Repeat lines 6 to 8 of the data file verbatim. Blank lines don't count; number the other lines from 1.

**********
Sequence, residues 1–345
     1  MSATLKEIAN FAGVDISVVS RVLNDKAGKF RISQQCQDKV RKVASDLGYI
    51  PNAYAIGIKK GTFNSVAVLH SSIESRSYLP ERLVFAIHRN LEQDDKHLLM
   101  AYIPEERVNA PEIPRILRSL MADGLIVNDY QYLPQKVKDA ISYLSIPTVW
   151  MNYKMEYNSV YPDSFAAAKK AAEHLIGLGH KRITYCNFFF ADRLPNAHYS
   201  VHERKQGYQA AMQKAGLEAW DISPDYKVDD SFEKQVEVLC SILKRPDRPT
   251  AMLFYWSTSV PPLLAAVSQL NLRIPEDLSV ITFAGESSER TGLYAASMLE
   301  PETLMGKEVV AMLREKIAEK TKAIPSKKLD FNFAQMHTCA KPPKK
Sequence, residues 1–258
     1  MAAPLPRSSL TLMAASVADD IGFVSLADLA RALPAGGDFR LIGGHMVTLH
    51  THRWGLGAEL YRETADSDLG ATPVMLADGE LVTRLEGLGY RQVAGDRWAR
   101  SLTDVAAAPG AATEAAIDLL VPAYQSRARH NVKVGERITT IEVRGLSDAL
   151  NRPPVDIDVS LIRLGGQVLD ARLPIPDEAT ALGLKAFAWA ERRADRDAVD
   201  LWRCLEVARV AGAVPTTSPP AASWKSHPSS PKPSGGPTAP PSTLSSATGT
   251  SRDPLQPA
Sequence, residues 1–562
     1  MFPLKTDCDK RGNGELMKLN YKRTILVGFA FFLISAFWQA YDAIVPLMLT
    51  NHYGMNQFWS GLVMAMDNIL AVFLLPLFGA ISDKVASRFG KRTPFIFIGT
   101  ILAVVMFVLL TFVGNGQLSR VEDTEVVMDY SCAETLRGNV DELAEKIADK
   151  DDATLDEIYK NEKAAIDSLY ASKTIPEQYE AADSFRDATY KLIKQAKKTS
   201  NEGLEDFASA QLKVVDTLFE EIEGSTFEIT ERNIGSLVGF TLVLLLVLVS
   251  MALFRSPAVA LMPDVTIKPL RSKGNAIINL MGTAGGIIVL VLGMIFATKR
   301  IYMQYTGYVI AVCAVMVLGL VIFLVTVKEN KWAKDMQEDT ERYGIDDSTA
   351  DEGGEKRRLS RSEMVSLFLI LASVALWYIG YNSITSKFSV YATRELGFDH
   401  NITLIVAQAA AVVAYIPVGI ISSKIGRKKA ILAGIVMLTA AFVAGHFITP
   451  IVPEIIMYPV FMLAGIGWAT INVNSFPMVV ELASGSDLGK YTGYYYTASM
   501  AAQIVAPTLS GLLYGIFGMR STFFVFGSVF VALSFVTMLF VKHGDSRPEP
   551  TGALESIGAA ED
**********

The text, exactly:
   201  VHERKQGYQA AMQKAGLEAW DISPDYKVDD SFEKQVEVLC SILKRPDRPT
   251  AMLFYWSTSV PPLLAAVSQL NLRIPEDLSV ITFAGESSER TGLYAASMLE
   301  PETLMGKEVV AMLREKIAEK TKAIPSKKLD FNFAQMHTCA KPPKK